sun 29/05/2022

The Vaccines, Barrowland, Glasgow review - pacy but predictable rock'n'roll | reviews, news & interviews

The Vaccines, Barrowland, Glasgow review - pacy but predictable rock'n'roll

The Vaccines, Barrowland, Glasgow review - pacy but predictable rock'n'roll

The London quintet's set was speedy but variable in quality

The Vaccines, giving their best nonplussed look

You could never accuse the Vaccines of being the most subtle of bands. When the London quintet ran through the intro to “Surfing in the Sky”, their frontman Justin Young started to shoogle around onstage as if, yes, he was riding a surfboard, in case the song’s title and Ventures-cum-Beach Boys opening hadn’t made the inspiration clear enough.

In a way, it was a brief snapshot of the band, influences worn on their sleeve and with a cheerful grin on their face. This has both positives and negatives, but it is undeniably successful. The Glasgow venue, which Young later hailed as being one of his favourites, was not far from sold out, and unlike many a long-standing band, they possess a following who reacted with wild glee to both old and new tunes alike. There was a reasonable amount of the latter, given the group have released both a new album, Back in Love City, and an EP, Planet of the Youth, in the past 12 months, and the songs were barrelled through relentlessly, spat out like machine gun fire over a 70-minute set that wasted little time on chat or onstage gimmickry.

Such a tactic ensured the pace was enjoyably rapid, and a lot of The Vaccines material works best that way, short and sharp blasts of fizzing pop rock to get you dancing. The straightforward bop of “Teenage Icon”, the Telstar-aping twang of “I Always Knew” and a melodramatically delivered “Disaster Girl” all rocketed by at a breakneck pace, with little time to think, only to move. Young’s onstage chat may have been brief, but on the songs when he was without guitar he contorted himself around the stage, while guitarist Freddie Cowan hollered his backing vocals as if his life depended on it.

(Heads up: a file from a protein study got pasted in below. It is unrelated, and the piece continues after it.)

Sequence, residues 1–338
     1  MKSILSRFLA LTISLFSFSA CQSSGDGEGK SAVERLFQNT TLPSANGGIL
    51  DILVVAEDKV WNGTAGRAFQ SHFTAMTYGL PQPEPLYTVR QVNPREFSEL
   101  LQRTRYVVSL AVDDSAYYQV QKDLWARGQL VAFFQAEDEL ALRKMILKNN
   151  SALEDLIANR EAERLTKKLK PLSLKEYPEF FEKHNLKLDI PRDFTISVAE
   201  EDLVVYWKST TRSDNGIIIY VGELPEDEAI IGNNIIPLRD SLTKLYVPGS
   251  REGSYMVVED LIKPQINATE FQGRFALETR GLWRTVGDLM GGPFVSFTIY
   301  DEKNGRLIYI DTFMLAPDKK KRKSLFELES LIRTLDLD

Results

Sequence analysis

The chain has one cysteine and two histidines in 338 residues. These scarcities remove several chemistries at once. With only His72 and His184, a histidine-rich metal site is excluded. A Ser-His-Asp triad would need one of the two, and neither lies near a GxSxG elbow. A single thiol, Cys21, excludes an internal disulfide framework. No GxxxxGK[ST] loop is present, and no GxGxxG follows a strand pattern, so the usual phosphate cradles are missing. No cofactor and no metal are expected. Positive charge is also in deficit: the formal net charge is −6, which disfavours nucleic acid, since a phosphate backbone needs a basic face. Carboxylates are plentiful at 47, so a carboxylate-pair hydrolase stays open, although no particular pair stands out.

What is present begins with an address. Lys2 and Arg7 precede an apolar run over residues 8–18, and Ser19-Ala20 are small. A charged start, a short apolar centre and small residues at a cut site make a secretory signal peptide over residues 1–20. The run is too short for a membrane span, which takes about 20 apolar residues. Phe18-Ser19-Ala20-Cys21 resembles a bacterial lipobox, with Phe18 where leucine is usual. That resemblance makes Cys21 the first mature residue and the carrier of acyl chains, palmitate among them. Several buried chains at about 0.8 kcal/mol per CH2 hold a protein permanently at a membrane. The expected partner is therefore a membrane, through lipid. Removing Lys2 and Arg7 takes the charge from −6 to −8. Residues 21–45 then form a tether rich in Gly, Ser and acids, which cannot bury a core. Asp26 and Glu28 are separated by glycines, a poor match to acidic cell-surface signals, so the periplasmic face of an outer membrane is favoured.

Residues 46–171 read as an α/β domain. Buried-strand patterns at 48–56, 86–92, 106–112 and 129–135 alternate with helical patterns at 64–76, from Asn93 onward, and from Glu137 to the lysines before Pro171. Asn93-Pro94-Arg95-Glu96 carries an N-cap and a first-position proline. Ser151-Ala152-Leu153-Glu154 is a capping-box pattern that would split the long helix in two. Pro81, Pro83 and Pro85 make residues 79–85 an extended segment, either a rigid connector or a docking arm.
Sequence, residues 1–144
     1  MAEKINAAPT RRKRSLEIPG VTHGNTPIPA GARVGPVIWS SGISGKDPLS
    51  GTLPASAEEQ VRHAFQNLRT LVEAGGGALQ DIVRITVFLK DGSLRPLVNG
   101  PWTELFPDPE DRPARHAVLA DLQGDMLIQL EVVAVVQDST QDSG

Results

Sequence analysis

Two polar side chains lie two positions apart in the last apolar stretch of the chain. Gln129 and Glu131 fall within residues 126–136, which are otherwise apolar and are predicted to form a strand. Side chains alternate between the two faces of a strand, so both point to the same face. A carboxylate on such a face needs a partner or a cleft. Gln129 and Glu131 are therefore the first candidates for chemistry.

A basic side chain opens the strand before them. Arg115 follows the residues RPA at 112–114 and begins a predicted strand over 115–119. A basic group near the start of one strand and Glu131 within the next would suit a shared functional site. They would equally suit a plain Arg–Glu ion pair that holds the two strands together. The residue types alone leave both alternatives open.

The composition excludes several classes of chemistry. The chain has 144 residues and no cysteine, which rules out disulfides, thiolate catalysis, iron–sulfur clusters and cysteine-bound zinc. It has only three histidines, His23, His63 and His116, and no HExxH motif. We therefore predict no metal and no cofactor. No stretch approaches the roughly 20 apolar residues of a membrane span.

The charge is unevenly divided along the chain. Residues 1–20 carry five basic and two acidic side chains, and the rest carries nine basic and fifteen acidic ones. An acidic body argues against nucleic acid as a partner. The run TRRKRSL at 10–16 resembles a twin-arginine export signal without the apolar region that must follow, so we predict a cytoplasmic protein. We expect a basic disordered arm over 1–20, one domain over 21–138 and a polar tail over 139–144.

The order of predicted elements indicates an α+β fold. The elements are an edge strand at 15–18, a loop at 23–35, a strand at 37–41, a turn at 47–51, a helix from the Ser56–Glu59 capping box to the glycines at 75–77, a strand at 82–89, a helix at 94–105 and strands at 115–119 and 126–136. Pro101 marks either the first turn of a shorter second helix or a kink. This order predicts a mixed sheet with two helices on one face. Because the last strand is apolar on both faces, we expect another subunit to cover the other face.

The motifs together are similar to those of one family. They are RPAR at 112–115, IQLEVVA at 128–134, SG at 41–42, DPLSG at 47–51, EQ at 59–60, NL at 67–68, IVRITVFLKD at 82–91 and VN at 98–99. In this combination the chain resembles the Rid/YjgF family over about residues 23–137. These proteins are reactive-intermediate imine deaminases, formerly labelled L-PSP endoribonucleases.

It was wildly greeted by an oasis of fans, all lads posing for selfies with pints of beer aloft and teenagers hurriedly on their phones in search of lost friends. Yet there are limitations, and even with such a speedy set the Vaccines attempts to alter their formula are variable in quality. New track “Headphones Baby” felt splattered with synths in a haphazard way, and “El Paso” never got advanced any further beyond adding some Ennio Morricone-flavoured guitar, in a way that was less “Ecstasy of Gold” and more tedium of copper.

Similarly, for all the punk energy the fivesome were going for, there was little beyond that enthusiasm running through the shout-along “Jump Off the Top” or the aforementioned “Surfing”, as if the group can’t quite progress their obvious inspirations further forward into anything more substantial.

Yet, for all that there could be frustration, they know how to craft a hook laden indie tune, as the booming one-two of “All My Friends Are Falling in Love”, with a skyscraper of a chorus, and an equally anthemic “If You Wanna” proved, basic emotions given a sizable outlet. That, and a sprightly encore that featured the primal sub-two-minute racket of “Wreckin Bar (Ra Ra Ra)” and the glam/punk hybrid of newbie “XCT” were satisfying reminders of the band’s prowess as a good time pop band.

Songs rocketed by at a breakneck pace, with little time to think, only to move

rating

Editor Rating: 
3
Average: 3 (1 vote)

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